By Thomas Sellers Jr.
The longest running business in the city of Millington is spread throughout Flag City to the tune of 600 acres.
Back in 1940, a man moved from Lexington and set up roots, stems and seeds in Millington creating Jones Orchard. The creation of HL “Peach Orchard” Jones has grown into a staple in Southwest Tennessee.
Three generations later, Jones Orchard is still a destination for fresh produce, photo shoots, a taste of classic America and a display of traditional family values. Sales manager “Taco” Henry Jones took a break from organizing the 15th Annual Jones Orchard Haunted Maze to reflect on 80 years of history.
“We have love what we do,” he said. “You’ve got to have a lot of love for what you’re doing to last this long. You also have to adapt and change to the changing taste of the consumer.
“The consumer today is very discerning and more savvy than they used to be,” Henry added. “That’s why we provide the best high quality local produce. They won’t accept any less. They keep us on our Ps and Qs.”
Jones Orchard keeps up with the Joneses through social media via Instagram, Facebook and www.jonesorchard.com.
But before you could survey the fields of Jones Orchard on your computer or cell phone, HL come to Millington as a jack of trades. The creator of Jones Orchard was a chemist, teacher and University of Tennessee extension agent.
In his spare time, he cultivated 5 acres with the help of his wife Ruth Wood Jones. Ruth’s family was native of Millington as part of the Wood/Woods.
“He grew the farm slow and steady,” Henry recalled. “The first farm which is still in operation today started at 6824 Big Creek Church Road. Today we’re 600 acres with my father growing a lot that once he came back.”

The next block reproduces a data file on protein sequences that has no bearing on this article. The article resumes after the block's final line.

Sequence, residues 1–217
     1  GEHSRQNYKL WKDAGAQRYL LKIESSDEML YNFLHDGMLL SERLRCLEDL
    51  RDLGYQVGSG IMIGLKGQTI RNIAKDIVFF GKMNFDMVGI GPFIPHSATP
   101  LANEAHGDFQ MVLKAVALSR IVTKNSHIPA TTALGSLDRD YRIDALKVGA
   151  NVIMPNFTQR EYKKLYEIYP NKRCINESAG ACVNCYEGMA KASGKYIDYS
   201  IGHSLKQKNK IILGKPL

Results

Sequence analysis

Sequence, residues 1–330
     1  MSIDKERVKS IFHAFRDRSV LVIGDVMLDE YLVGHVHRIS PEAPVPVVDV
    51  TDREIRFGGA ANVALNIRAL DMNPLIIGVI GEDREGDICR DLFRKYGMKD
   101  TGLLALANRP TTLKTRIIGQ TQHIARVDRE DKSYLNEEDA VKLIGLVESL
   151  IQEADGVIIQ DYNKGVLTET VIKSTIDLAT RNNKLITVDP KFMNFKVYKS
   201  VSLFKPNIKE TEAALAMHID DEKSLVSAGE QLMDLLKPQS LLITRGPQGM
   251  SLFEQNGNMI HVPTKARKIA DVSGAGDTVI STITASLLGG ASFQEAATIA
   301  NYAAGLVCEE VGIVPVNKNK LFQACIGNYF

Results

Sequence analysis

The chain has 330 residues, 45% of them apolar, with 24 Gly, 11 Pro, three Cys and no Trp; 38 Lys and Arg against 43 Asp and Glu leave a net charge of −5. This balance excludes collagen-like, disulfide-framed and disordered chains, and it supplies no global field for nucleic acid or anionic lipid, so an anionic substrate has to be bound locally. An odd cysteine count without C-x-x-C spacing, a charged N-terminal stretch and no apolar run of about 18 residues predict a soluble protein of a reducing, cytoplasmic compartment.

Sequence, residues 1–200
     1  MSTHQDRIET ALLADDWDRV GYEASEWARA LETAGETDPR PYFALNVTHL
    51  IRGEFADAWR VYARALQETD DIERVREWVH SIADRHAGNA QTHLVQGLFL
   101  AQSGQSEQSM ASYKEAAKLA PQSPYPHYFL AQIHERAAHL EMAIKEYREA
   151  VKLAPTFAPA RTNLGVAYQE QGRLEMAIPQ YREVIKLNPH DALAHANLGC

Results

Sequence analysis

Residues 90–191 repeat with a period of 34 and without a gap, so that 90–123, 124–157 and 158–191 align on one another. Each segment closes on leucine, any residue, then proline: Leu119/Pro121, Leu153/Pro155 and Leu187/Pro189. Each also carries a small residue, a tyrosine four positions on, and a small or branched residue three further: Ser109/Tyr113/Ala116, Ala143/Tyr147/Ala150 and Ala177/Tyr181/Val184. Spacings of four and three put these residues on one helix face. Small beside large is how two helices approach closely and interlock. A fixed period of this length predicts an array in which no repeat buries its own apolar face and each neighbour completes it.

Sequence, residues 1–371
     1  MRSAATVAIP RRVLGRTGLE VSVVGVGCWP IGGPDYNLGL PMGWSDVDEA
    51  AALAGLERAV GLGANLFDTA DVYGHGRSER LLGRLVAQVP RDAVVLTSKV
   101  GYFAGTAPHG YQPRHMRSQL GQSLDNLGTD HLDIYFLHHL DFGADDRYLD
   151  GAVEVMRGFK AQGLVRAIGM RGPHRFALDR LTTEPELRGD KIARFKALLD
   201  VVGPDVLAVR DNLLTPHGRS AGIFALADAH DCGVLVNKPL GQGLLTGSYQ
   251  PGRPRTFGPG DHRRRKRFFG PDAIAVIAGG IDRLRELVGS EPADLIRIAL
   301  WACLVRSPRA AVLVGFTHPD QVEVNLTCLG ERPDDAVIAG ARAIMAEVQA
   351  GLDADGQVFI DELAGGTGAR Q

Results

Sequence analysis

Lee Jones, 83, still comes to work everyday to tend to a portion of the land. Back in the 1960s and 70s, Lee bought a lot of the acres to grow Jones Orchard’s signature peaches.
Over those years, Jones Orchard became known for fruits, vegetables, pick-of-the-day, homemade products and original menu items at the 7170 Highway 51 North location.
Henry can be found down the road at 6880 Singleton Parkway, with the pick-your-own format. Moving back from Nashville in 1999, Henry took on the responsibility of growing the family business and helping it reach it’s 80th birthday.
“I grew up on the farm,” he noted. “I stepped off the farm for 7 years but I’ve been back for good every since.”
Henry joins forces with his father Lee and mother Ms. Juanita for daily operations. Patrons have visited their Orchards for strawberries, peaches, tomatoes, pumpkins, nectarines, some apples, Keifer pears and a variety of items in jars.
“We do them in jars because we think the jars are a safer option now,” Juanita told The Star back in 2018. “Jars are the safer way opposed to the cans. And we do everything in our kitchen here. We bring it straight out of the field into our kitchen and put them in jars. We think that is a real plus for us because that is something you cannot get everywhere else.”
With October here, the Highway 51 location is decorated with tomatoes. Juanita and crew are busy transforming the fruit into multiple items like Jones’ Garden Salsa, Jones’ Tennessee Chow Chow, Jones’ Peach Salsa, Jones’ Flamin’ Hot Salsa and Jones’ Stewed Tomatoes.
Henry said with all those great items created in the kitchen of Jones Orchard, the best offering from the business has been there since 1940 — freestone peaches. From July to mid August, the parking lot is full of customers looking for those peaches.
In October the biggest draw is the Haunted Maze. With the coronavirus placing some restrictions on activities, Jones Orchard will showcase two haunted mazes this year with the help of the Kilgore Crew doing props for “Hysteria.” To help enforce social distancing, there will not be a hayride this year. But the hayride will be transformed into a part of “Shadowlands.”
The opening weekend will be Friday and Saturday from 7 to 11 p.m. Then for the next three weeks in October, the Haunted Maze will be opened Friday through Sunday with times on Sunday from 7 to 10 p.m. Then the weekend of Halloween, the maze will be open Friday and Saturday.
“We take a lot of pride in being open this long,” Henry said. “To be honest, I didn’t want to be the one to mess things up and now I hope my children don’t mess it up. But it is special to be operating this long.”
Henry and his wife Danyna Jones said the secrets to success for 80 years are family involvement and customer loyalty.
“You can’t stay in business without support,” he concluded. “We want to give the biggest shout out and say a sincere thank you to all who have supported us over the year.”